Microsoft has launched an attempt to crack down on cyber criminals in the Middle East by disrupting communications channels between hackers and infected PCs.
Sanctioned yesterday by a federal court in Nevada, the operation will work by targeting traffic involving malicious software known as Bladabindi and Jenxcus. They are both distributed by developers in Kuwait and Algeria.
According to Richard Domingues Boscovich, assistant general counsel of Microsoft's cyber crime-fighting Digital Crimes Unit, around 94 per cent of machines infected with the two viruses communicate with hackers through Vitalwerks servers. Vitalwerks is appealing to criminals because it prevents activities from being tracked easily.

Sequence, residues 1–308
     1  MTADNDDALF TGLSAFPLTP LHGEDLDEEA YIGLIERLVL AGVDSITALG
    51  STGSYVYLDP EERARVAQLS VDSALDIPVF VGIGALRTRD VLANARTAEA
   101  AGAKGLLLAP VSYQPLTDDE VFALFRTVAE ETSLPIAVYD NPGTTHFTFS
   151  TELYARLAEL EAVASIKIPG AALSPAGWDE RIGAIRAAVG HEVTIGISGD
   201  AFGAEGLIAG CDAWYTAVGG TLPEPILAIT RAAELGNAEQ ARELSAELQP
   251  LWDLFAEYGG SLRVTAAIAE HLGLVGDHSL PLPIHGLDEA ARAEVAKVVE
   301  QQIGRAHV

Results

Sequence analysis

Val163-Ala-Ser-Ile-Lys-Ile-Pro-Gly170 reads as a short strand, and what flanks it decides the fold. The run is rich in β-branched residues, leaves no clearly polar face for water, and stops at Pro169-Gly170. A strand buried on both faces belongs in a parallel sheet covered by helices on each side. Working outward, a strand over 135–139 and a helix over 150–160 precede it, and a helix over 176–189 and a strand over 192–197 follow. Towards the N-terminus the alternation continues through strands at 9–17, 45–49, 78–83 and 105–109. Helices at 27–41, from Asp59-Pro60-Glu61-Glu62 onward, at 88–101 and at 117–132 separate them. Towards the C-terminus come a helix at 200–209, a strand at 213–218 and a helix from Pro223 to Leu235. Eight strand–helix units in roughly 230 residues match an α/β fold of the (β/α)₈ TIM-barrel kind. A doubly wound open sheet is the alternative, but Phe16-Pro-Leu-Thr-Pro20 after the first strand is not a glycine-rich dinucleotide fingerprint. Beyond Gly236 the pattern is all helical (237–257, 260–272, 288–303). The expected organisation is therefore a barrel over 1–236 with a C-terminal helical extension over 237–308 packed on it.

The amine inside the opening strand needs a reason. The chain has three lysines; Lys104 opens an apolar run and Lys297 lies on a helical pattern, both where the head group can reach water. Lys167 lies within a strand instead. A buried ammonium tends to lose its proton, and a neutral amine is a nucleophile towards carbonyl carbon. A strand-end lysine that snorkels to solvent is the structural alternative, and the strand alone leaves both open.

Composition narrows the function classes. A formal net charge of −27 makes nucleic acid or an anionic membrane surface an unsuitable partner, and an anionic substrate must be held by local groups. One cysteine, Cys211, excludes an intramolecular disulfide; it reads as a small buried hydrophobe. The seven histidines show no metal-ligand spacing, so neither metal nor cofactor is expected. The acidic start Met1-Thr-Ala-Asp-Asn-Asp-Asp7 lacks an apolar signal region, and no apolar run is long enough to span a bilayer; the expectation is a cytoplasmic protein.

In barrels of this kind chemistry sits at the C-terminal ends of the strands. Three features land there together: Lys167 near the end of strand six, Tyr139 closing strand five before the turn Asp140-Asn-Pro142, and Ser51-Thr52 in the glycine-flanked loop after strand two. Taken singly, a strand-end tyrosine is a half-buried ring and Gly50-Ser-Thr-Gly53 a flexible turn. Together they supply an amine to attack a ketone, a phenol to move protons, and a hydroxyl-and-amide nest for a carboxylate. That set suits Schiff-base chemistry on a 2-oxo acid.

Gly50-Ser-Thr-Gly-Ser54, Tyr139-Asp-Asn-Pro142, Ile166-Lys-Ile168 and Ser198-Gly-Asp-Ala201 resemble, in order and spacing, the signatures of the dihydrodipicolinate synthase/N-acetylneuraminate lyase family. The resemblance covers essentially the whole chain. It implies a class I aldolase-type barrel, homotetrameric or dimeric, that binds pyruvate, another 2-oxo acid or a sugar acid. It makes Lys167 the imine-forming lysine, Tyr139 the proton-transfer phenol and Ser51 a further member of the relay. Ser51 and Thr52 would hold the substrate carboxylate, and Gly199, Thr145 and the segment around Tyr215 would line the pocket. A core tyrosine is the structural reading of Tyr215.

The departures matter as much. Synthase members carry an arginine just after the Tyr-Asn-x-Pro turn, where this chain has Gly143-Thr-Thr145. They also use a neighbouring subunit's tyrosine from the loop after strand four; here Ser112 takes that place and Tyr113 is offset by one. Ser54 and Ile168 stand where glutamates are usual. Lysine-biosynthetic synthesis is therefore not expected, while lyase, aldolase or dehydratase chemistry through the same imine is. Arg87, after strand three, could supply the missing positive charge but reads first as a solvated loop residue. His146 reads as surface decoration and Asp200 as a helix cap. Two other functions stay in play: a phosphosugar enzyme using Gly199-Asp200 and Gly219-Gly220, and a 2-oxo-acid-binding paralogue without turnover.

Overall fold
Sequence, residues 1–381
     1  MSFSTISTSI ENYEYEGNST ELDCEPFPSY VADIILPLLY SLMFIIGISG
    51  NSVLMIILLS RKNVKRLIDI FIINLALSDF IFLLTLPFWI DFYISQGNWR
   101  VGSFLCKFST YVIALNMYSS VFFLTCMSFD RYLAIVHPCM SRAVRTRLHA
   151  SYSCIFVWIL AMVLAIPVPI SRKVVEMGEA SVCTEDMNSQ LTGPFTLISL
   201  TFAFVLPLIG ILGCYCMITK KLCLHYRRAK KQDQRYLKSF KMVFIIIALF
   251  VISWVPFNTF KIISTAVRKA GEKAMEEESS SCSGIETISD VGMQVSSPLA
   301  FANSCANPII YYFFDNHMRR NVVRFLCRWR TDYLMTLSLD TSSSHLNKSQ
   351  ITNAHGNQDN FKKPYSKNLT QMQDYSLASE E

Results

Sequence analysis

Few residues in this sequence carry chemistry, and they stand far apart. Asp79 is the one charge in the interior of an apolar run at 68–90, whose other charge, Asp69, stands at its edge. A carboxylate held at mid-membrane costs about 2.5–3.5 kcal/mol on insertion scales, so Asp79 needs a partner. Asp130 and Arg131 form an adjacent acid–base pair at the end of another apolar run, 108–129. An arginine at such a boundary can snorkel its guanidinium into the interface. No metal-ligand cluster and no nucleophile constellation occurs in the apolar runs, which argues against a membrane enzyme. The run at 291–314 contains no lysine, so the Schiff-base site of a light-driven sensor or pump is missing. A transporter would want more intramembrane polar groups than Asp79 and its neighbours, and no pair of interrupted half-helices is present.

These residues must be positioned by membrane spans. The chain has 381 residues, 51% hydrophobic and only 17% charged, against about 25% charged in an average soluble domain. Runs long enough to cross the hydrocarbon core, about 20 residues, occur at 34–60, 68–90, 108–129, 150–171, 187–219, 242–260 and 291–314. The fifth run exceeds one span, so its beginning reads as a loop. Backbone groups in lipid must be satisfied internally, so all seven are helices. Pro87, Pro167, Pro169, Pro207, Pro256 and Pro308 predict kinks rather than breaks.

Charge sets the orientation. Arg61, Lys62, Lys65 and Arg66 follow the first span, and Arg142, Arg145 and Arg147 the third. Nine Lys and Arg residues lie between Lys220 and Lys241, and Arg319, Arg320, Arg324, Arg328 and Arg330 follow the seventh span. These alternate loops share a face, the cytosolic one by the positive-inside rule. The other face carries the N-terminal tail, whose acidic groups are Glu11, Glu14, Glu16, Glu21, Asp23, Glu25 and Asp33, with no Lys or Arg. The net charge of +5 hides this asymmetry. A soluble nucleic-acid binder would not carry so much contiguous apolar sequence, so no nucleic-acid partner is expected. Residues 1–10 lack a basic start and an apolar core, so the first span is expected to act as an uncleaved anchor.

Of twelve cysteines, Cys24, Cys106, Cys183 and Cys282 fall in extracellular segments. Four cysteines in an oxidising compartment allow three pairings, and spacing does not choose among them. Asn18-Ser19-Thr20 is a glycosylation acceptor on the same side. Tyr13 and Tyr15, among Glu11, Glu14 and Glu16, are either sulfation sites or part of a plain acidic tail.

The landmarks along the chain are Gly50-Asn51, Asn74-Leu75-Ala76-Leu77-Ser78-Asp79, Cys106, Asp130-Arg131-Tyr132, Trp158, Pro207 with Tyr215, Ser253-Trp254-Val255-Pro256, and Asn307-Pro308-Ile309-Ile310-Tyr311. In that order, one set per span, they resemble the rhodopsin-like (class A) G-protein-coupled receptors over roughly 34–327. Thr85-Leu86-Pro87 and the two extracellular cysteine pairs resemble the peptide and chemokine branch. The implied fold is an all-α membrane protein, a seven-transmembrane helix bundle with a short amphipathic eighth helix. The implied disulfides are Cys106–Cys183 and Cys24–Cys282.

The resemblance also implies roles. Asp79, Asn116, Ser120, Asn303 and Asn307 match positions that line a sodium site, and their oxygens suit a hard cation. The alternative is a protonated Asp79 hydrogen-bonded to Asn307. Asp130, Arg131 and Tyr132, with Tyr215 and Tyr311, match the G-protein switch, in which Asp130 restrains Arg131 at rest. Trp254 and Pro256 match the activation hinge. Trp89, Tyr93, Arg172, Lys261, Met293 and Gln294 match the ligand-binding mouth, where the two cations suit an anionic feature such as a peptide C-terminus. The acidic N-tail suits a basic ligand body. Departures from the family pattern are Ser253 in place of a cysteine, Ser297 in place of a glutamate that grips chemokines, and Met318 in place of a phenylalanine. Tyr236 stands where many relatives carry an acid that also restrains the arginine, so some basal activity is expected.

Therefore, the court has ruled that Microsoft is allowed to disrupt communications between infected machines and Nevada-based Vitalwerks Internet Solutions.
Documents unsealed at yesterday's court hearing indicated that the malware works by allowing criminals to execute functions such as viewing a computer screen in real time, recording keystrokes, stealing passwords and listening to conversations. So far, it has been purchased by an estimated 500 customers.
It is the first time that high-profile malware has been created by developers outside of Eastern Europe, Boscovich said during an interview with Reuters. "We have never seen malware coded outside Eastern Europe that is as big as this. This really demonstrates the globalisation of cyber crime," he said.
He added that the malware was marketed by its Middle Eastern developers over social media channels such as Facebook and YouTube, where they posted videos showing how to infect PCs.
Microsoft will not be able to immediately say how many machines have been infected, but Boscovich believes the number could be significant.